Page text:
Age, Biography and Wiki

Cathleen Synge Morawetz was born on 5 May, 1923 in Toronto, Ontario, Canada. Discover Cathleen Synge Morawetz’s Biography, Age, Height, Physical Stats, Dating/Affairs, Family and career updates. Learn How rich is She in this year and how She spends money? Also learn how She earned most of networth at the age of 94 years old?

Popular As N/A
Occupation N/A
Age 94 years old
Zodiac Sign Taurus
Born 5 May 1923
Birthday 5 May
Birthplace Toronto, Ontario, Canada
Date of death (2017-08-08) New York City, New York, U.S.A.
Died Place N/A
Nationality Canada

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She is a member of famous with the age 94 years old group.

Cathleen Synge Morawetz Height, Weight & Measurements

At 94 years old, Cathleen Synge Morawetz height not available right now. We will update Cathleen Synge Morawetz’s Height, weight, Body Measurements, Eye Color, Hair Color, Shoe & Dress size soon as possible.

Physical Status
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Dating & Relationship status

She is currently single. She is not dating anyone. We don’t have much information about She’s past relationship and any previous engaged. According to our Database, She has no children.

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Cathleen Synge Morawetz Net Worth

Her net worth has been growing significantly in 2022-2023. So, how much is Cathleen Synge Morawetz worth at the age of 94 years old? Cathleen Synge Morawetz’s income source is mostly from being a successful . She is from Canada. We have estimated
Cathleen Synge Morawetz’s net worth
, money, salary, income, and assets.

Net Worth in 2023 $1 Million – $5 Million
Salary in 2023 Under Review
Net Worth in 2022 Pending
Salary in 2022 Under Review
House Not Available
Cars Not Available
Source of Income

Cathleen Synge Morawetz Social Network




At this point her research expanded to a variety of problems including papers on the Tricomi equation the nonrelativistic wave equation including questions of decay and scattering. Her first doctoral student, Lesley Sibner, was graduated in 1964. In the 1970s she worked on questions of scattering theory and the nonlinear wave equation. She proved what is now known as the Morawetz Inequality. She died on August 8, 2017, in New York City.


In 1980 Morawetz won a Lester R. Ford Award. In 1981, she became the first woman to deliver the Gibbs Lecture of The American Mathematical Society, and in 1982 presented an Invited Address at a meeting of the Society for Industrial and Applied Mathematics. She received honorary degrees from Eastern Michigan University in 1980, Brown University, and Smith College in 1982, and Princeton in 1990. In 1983 and in 1988, she was selected as a Noether Lecturer. She was elected to the American Academy of Arts and Sciences in 1984. She was named Outstanding Woman Scientist for 1993 by the Association for Women in Science. In 1995, she became the second woman elected to the office of president of the American Mathematical Society. In 1996, she was awarded an honorary ScD degree by Trinity College Dublin, where her father JL Synge had been a student and later a faculty member. That same year, she was elected to the American Philosophical Society. In 1998 she was awarded the National Medal of Science; she was the first woman to receive the medal for work in mathematics. In 2004 she received the Leroy P. Steele Prize for Lifetime Achievement. In 2006 she won the George David Birkhoff Prize in Applied Mathematics. In 2012 she became a fellow of the American Mathematical Society.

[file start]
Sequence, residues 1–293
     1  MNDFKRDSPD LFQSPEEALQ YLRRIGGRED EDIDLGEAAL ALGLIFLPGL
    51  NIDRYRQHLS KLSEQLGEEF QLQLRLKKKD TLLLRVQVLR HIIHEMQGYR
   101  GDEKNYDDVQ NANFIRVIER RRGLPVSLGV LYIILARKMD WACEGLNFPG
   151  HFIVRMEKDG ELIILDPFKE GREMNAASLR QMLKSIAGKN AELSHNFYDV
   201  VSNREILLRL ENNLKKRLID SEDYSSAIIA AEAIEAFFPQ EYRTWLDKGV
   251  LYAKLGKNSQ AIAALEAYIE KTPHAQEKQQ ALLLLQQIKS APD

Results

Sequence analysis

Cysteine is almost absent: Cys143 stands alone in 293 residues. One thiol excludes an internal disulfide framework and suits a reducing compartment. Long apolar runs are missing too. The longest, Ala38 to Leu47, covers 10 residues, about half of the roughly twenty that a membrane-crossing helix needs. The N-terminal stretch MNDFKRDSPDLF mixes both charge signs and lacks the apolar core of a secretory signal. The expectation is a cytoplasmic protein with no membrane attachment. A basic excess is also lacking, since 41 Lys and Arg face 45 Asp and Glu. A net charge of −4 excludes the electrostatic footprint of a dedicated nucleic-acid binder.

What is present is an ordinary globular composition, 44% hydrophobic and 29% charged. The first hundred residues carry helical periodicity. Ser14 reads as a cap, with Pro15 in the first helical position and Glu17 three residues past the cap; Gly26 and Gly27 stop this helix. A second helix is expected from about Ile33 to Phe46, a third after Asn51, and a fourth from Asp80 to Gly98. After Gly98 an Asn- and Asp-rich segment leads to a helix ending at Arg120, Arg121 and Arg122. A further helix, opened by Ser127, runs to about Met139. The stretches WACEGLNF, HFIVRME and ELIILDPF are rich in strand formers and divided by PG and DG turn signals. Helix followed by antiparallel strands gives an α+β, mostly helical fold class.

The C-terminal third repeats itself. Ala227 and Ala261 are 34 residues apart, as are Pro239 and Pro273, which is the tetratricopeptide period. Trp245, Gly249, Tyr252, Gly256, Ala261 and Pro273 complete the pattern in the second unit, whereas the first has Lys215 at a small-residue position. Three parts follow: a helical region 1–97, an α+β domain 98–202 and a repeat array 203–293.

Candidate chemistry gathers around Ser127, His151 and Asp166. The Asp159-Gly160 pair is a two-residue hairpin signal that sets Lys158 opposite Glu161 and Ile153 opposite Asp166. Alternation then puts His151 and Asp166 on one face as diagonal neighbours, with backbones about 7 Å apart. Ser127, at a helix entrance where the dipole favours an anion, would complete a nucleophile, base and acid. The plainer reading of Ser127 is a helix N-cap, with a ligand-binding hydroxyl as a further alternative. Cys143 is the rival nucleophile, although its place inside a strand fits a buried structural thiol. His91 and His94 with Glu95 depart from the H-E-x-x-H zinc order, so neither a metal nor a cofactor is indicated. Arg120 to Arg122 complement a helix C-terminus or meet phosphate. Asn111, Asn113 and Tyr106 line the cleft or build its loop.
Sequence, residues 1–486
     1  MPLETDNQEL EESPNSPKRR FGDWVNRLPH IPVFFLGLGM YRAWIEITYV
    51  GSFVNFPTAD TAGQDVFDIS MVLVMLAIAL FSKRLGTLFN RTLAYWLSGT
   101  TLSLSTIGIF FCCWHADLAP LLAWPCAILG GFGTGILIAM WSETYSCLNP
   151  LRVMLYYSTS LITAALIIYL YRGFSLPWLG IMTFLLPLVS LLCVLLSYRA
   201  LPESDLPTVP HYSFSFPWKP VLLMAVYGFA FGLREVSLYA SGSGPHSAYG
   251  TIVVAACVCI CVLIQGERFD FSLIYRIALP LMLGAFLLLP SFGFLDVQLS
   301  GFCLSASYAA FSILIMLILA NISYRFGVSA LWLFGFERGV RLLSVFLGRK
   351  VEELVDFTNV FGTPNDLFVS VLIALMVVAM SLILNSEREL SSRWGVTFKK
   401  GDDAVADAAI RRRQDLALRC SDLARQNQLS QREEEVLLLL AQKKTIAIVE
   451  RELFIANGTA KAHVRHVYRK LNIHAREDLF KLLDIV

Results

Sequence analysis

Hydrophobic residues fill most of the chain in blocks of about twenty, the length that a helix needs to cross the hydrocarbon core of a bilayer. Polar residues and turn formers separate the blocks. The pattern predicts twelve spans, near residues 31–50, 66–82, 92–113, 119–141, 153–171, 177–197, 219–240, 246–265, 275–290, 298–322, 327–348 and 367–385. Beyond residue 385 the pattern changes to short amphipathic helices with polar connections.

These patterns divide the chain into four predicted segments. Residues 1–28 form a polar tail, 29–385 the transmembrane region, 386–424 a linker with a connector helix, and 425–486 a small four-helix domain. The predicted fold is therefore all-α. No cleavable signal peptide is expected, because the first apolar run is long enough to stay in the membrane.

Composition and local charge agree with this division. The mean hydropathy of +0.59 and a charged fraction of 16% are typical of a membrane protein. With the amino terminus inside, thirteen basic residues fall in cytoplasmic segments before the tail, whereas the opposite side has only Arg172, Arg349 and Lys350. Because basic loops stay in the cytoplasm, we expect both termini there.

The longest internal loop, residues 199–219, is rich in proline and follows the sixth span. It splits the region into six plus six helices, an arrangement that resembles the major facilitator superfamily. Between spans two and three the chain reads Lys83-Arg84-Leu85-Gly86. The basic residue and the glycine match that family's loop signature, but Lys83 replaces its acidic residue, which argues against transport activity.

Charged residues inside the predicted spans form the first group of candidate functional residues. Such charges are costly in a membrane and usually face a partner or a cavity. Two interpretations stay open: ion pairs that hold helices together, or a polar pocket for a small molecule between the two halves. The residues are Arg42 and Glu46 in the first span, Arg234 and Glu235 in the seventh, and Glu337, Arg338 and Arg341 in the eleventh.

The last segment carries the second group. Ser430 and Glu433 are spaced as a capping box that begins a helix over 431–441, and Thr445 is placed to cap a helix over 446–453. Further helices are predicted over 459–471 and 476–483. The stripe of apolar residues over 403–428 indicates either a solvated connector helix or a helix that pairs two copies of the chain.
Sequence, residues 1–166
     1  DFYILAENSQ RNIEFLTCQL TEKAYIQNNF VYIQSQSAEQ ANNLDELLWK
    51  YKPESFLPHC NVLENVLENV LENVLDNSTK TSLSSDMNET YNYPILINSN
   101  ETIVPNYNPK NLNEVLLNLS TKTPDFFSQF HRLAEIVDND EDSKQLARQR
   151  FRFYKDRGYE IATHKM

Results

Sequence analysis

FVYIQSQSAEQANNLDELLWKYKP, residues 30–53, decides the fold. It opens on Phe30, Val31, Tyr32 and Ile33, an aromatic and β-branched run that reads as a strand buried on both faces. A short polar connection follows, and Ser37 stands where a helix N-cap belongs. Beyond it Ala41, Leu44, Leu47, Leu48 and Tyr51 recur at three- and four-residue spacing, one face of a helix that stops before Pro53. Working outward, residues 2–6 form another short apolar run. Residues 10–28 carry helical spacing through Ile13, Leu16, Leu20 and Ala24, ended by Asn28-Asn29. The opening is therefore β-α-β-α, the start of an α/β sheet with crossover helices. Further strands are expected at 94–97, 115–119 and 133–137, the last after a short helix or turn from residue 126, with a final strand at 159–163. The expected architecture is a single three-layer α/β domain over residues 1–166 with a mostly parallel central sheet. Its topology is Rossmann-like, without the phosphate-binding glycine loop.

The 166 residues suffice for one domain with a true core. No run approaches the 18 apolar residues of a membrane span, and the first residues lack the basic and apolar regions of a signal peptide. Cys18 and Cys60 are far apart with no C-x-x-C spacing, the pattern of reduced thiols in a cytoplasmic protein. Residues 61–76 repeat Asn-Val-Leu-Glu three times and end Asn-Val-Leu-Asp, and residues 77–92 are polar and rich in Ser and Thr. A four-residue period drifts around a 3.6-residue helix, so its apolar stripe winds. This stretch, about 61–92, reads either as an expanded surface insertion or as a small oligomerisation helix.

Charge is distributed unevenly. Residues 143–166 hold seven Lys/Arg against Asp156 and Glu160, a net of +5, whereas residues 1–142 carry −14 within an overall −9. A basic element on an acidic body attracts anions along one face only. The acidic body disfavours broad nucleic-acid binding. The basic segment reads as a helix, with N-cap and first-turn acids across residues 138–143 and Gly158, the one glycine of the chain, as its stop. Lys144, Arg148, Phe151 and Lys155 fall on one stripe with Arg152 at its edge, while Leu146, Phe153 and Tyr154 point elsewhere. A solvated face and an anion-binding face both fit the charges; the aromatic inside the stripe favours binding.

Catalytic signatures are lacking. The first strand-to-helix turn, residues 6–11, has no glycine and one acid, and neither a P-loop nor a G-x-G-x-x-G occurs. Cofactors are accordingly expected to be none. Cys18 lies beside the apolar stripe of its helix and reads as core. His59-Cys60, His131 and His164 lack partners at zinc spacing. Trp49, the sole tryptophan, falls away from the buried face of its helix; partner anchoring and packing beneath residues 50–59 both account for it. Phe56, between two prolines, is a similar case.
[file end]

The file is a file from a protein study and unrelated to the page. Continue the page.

In 1957 she became an assistant professor at Courant. At this point she began to work more closely with her colleagues publishing important joint papers with Peter Lax and Ralph Phillips on the decay of solutions to the wave equation around a star shaped obstacle. She continued with important solo work on the wave equation and transonic flow around a profile until she was promoted to full professor by 1965.


A graduate of the University of Toronto in 1945, Morawetz received her master’s degree in 1946 at the Massachusetts Institute of Technology. Morawetz got a job at New York University where she edited Supersonic Flow and Shock Waves by Richard Courant and Kurt Otto Friedrichs. She earned her Ph.D. in 1951 at New York University, with a thesis on the stability of a spherical implosion, under the supervision of Kurt Otto Friedrichs. Her thesis was entitled Contracting Spherical Shocks Treated by a Perturbation Method


Cathleen Synge Morawetz (May 5, 1923 – August 8, 2017) was a Canadian mathematician who spent much of her career in the United States. Morawetz’s research was mainly in the study of the partial differential equations governing fluid flow, particularly those of mixed type occurring in transonic flow. She was professor emerita at the Courant Institute of Mathematical Sciences at the New York University, where she had also served as director from 1984 to 1988. She was awarded the National Medal of Science in 1998.